The program itself was approved last year by Congress but the Democrats at the helm have been slow to act while efforts by Senator Obama and Carl Levin have been either non-existent or 100% ineffectual.  Obama still isn’t doing anything to help but the environment on Capitol Hill might finally be changing.  

After all, it’s an election year and Michigan is a swing state.  The Detroit News reports:

Rep. Candice Miller, R-Harrison Township, said she was “cautiously optimistic.”

“But it’s not a walk in the park,” Miller said, noting that the government’s decision not to save Lehman Brothers from collapse “has raised some questions… and we are trying to educate members that this is not a bailout.”

That’s the trick.  Convincing folks that a $25 billion loan program isn’t a bailout.  And the hundreds of thousands of what Barack Obama calls Michi-anders who still depend on the auto industry for their livelihood would probably appreciate a little love from the poo-bahs at the Capitol City.  Unfortunately, the Democratic candidate was busy yesterday unveiling a different kind of voter bribe in the form of a $5 billion promise to Michigan environmentalists.

Which would be nice and swell and no more outrageous and dangerous than any other election year attempt at populist bribery except for the fact that the man is very up front about how he’d like to pay for the new program.  The Ivory Tower reports:

Obama’s campaign said the $5 billion over 10 years would come from rolling back tax cuts and other incentives to big oil and gas companies. Heather Zichal, environmental and energy policy director for the campaign, said the trust fund is meant to jump-start restoration of the Great Lakes.

A Great Lakes restoration bill has been languishing in Congress for several years…

A $26-billion restoration plan, called the Great Lakes Regional Collaboration, has been kicking around in Congress for nearly three years. Congress has funded little of the plan, which calls for cleanups of toxic areas, restoring wetlands and keeping bacteria off beaches.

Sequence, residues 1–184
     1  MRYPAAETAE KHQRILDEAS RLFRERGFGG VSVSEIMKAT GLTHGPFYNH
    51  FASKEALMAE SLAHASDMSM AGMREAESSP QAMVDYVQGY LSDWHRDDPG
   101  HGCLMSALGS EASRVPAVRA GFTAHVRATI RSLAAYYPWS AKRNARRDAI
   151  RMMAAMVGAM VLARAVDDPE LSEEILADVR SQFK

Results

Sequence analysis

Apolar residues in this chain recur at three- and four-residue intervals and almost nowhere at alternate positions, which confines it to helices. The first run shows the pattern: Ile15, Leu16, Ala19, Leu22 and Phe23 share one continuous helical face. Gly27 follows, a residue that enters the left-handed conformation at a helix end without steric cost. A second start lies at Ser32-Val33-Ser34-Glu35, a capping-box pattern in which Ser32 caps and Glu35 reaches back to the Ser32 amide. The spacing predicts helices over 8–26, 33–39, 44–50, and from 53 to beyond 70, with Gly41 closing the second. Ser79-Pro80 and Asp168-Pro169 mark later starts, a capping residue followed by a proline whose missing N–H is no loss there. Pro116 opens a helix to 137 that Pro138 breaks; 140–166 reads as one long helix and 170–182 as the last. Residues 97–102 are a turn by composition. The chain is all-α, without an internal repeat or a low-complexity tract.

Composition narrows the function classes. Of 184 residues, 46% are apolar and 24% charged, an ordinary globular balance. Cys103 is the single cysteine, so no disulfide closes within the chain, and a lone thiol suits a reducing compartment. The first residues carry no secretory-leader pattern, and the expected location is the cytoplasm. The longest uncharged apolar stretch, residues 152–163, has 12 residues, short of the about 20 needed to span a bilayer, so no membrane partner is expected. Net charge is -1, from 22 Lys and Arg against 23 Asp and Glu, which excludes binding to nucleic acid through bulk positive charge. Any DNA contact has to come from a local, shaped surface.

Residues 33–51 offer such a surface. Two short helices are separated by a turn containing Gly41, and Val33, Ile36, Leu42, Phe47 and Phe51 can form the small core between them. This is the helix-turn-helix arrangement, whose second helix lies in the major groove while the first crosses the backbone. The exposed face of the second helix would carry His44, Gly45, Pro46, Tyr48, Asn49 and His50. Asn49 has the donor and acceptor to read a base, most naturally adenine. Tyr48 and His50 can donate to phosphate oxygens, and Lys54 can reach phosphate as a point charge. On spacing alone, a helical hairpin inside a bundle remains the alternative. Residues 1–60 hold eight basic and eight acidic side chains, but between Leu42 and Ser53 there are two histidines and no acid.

In other words, the man who insists he has the experience to lead the nation hasn’t been able to lead inside his own Party to approve environmental spending, normally a slam dunk with the left.  Why exactly does he expect anyone to believe he’d take the task any more seriously from the Oval Office where he’d have plenty of other shiny objects to distract him?

But the discussion of hypocrisy and promises to do things he’s openly and clearly failed to do in the past, despite Democratic control, are really beside the point here.  Take a look at that funding mechanism.

Obama is telling us that he wants to raise taxes on electricity, heating oil and gas.  We’ll pay more at the pump and at the meter.  And not a little more.  He’s talking about a $5 BILLION tax hike on gasoline for our cars,  gas and heating oil to keep folks warm in the Michigan winter and electricity to keep the lights running.  These will be costs born out not only by moms and dads across Michigan but also by struggling job-makers.

Brilliant scheme.  Suppose this is one of those times when all of us, Republicans and Democrats alike, can be pleased with Obama’s inability to lead even within his own caucus.  If the man was both serious and capable we’d be paying higher rates already.

Thank heavens the man is as inexperienced as everyone says he is, because the ideas he’s failed to accomplish would kick Michigan voters in the backside time and time again.